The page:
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Credit Suisse accepts $54 billion lifeline

Credit Suisse

Credit Suisse has moved to halt a decline in investor confidence on Thursday.

The banking giant has opened a 50 billion Swiss franc ($54 billion) credit line with the country's central bank and is offering to buy back debt, as executives and government officials work to try to organize the troubled lender's next steps.

Analysts questioned how much time the announcement had bought, the Swiss Federal Council called a special meeting on Thursday to discuss the situation.

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Concerns about the lender's financial health have roiled global markets in the last 24 hours.

This alarmed regulators in Europe and the United States, and prompted some companies to reconsider their work with the bank.

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Credit Suisse, the government, central bank, and regulator Finma have been in close contact to try to stabilize the bank.

Ideas floated include the separation of the bank's Swiss unit and a long-shot orchestrated tie-up with larger Swiss rival UBS Group AG,

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Sources said it's unclear which, if any, of these steps will be taken.

A source with knowledge of the situation said Credit Suisse has not yet utilized the credit line at the Swiss National Bank.

Chief Executive Officer Ulrich Koerner said in a statement. “These measures demonstrate decisive action to strengthen Credit Suisse as we continue our strategic transformation

"My team and I are resolved to move forward rapidly to deliver a simpler and more focused bank built around client needs.”

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Nonetheless, JPMorgan Chase & Co. analysts said a takeover of the bank is the most likely scenario.

Credit Suisse proclaimed at least its second debt buyback in just the past six months as it looks to restore investor confidence.

It offered to buy back about $3 billion of its debt in October last year, saying at that time it wanted to “take advantage of market conditions to repurchase debt at attractive prices.”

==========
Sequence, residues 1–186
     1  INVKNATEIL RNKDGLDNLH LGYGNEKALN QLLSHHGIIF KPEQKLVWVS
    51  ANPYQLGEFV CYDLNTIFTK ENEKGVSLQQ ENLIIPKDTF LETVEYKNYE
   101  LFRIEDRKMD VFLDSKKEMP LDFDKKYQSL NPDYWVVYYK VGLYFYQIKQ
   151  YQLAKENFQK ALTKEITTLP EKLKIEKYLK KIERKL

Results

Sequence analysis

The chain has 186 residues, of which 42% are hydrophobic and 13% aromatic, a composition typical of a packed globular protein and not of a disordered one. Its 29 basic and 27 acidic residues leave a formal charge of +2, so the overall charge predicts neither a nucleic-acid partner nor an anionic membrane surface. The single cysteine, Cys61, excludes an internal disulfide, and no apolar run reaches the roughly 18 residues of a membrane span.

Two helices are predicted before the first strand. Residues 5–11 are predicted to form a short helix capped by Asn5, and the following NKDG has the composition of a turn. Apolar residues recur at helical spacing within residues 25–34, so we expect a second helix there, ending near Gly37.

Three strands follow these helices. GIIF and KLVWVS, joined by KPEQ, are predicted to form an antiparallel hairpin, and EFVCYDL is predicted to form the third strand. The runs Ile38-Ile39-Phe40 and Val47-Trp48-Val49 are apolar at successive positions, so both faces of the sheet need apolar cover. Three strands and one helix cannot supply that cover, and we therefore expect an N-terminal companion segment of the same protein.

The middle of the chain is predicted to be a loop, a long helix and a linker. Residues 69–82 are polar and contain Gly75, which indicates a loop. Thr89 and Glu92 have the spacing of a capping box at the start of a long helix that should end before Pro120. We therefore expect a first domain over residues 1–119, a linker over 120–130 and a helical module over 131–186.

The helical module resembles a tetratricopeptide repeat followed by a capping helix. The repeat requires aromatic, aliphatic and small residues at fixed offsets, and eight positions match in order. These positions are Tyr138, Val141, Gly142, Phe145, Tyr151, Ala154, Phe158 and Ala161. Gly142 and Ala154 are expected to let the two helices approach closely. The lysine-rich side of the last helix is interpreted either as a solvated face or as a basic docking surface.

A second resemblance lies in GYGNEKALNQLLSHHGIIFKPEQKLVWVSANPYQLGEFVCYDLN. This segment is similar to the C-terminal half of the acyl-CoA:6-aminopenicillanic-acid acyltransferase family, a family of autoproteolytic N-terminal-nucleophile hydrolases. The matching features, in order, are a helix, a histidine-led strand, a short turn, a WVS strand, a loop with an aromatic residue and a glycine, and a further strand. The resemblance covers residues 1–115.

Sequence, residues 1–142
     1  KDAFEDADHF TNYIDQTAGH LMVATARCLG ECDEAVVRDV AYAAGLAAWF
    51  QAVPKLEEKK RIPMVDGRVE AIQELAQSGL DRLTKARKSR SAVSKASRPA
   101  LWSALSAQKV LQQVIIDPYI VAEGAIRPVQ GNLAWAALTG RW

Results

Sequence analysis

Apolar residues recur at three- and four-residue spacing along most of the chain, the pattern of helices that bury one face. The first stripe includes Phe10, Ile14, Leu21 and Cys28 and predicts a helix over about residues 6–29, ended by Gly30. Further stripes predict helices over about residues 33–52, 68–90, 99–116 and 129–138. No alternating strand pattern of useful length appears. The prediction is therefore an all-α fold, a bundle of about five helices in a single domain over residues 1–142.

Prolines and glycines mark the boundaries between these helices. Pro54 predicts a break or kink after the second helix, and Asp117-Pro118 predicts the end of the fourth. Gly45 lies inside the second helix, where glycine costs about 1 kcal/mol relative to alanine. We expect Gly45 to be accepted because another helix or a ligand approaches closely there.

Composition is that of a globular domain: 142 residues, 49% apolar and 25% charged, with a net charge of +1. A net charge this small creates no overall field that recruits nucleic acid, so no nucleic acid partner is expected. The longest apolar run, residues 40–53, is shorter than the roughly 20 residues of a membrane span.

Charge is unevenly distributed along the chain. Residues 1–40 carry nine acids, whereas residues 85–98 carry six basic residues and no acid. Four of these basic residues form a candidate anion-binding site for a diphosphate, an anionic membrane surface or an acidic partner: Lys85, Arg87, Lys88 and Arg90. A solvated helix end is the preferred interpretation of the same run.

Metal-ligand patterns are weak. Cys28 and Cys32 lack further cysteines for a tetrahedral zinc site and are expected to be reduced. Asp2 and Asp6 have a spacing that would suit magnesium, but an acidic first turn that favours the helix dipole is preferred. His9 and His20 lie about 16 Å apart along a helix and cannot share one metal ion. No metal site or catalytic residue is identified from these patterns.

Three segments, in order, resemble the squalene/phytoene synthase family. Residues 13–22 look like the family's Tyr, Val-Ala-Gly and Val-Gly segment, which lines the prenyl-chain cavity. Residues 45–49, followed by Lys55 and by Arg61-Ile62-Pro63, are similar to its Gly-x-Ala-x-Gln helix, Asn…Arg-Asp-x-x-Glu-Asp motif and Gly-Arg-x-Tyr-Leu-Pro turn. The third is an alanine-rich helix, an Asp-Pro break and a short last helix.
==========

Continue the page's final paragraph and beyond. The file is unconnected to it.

Ten senior debt instruments valued up to $2.5 billion and four senior debt securities valued up to 500 million euros are included in the most recent tender offer.

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According to the bank, the borrowing is done through covered loan facilities and short-term liquidity facilities, both of which are completely secured by high-quality assets.

Credit Suisse is the second-largest lender in Switzerland, with origins dating back to 1856.

It has suffered over the past few years as a result of a number of blowups, scandals, leadership changes, and legal challenges.

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The bank's second strategy pivot in as many years has so far failed to win over investors or stop client losses, and the company's 7.3 billion franc loss last year erased the profits made over the previous ten years.

Chairman Axel Lehmann had said at a conference on Wednesday that government assistance “isn’t a topic” and the firm’s efforts to return to profitability aren’t comparable to the severe liquidity issues hitting smaller lenders in the US.

Credit Suisse shares initially surged up to 40 percent before paring gains and remaining lower than on Wednesday, when they lost the most since the 2008 financial crisis.

Source:   Bloomberg

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